Gross National Happiness and the Heart Chakra, Anahata

This week, we learnt about the Chakras and how they impact our emotional, spiritual and mental consciousness. As Master Paalu spoke about the heart chakra, Anahata, I was reminded of my recent yoga retreat to Bhutan, the Himalayan kingdom best known for its innovative policy of Gross National Happiness. Bhutan is supposedly a land where “Santosha” reigns, and sorrow (or how the East perceives it) is almost non-existent.

The heart chakra, Anahata, symbolises awareness and manifestation of love towards oneself and others, affection, compassion, acceptance, gratitude and kindness. It is about giving and receiving love unconditionally. I would call it, irrevocable happiness; ultimate joy. Below I summarize three ways in which anahata manifests itself in the Bhutanese way of life.

1. Unconditional love of nature
Nature is essential to the human wellbeing; it provides us with spiritual sustenance. Bhutan has one of the most stable ecosystems in the world and has virtually no environmental damage due to its long isolation. Their protection of natural resources and limit of tourism have allowed it to preserve its pristine landscape.
As I flew into Bhutan, I was mesmerized at the landscape of rolling hills and mountains and sat in disbelief as our tour guide told us that they had just smashed a Guinness world record of replanting almost 50,000 trees in 1 hour! In fact, planting a tree was a common way to celebrate the birth of a new son or daughter in Bhutan. This was the Bhutanese way of giving back to nature,an unspoken gratitude to life. An act of unconditional love for nature.


2. Collectivism as a Happiness factor
When I was in Bhutan, everyone was called a ‘brother’, ‘father’, ‘auntie’, ‘uncle’, ‘little brother’, ‘elder sister’ etc. And this extended to people who are not blood relatives.
Many studies have suggested that humans are happier in collective environments where they get to work together and help each other out. The Bhutanese culture values collectivism and the needs of the group above the individual. Social structures are preserved such that every one, whether children or elderly, are honoured and respected. Also, this structure provides a platform of exchange for goods and services such as staples, a place to stay etc. The family is never lacking in help in any given area. A family bond such as this is a signal of stability, never fleeting and contributes to emotional and spiritual support. A very important factor of ultimate happiness.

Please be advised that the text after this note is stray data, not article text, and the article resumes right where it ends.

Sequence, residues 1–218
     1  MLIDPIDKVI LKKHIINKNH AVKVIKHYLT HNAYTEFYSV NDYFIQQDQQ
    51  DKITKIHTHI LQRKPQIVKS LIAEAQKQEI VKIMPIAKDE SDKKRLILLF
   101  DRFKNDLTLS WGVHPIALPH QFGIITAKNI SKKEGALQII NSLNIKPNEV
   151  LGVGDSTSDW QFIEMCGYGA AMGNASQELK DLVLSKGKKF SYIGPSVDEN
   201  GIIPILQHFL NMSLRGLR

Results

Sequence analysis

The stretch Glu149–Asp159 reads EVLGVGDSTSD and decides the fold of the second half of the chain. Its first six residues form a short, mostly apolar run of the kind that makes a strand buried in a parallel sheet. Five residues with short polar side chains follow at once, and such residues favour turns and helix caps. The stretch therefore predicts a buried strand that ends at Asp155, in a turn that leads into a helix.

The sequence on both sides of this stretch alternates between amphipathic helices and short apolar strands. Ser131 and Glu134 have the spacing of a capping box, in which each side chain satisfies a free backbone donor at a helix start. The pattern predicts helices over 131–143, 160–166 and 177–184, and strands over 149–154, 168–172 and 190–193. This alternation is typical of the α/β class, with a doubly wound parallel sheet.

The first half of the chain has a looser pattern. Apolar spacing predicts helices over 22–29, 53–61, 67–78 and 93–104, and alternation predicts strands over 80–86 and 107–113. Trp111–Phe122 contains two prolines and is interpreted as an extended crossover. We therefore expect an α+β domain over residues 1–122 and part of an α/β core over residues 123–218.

3. Detached from Death
The Bhutanese don’t sequester death. In fact, I learnt that the Bhutanese are taught to reflect about death several times a day. Death and its imagery, were found everywhere in Bhutan. And when one contemplates death so often, they learn not to flee from these emotions but rather become free of fear and tension. When that happens, they reach open acceptance of life, become at ease with themselves and achieve a balance in anahata.













My experience in Bhutan was unforgettable. While I was hiking up Tiger’s Nest, I encountered a Bhutanese videographer who was filming a national documentary. Having some difficulties navigating the slippery slope, he kind-heartedly offered his assistance, accompanying me for an hour through some treacherous terrain. I also experienced unconditional love, gratitude, compassion and kindness from people who started off as strangers when we met. It opened my mind and heart to a world of possibilities where people could live together in ultimate happiness. I hope one day, I would be able to achieve anahata as the Bhutanese people had shown me possible.


Jacqqie T. 

200Hr Weekday TTC (Sept 2017) 

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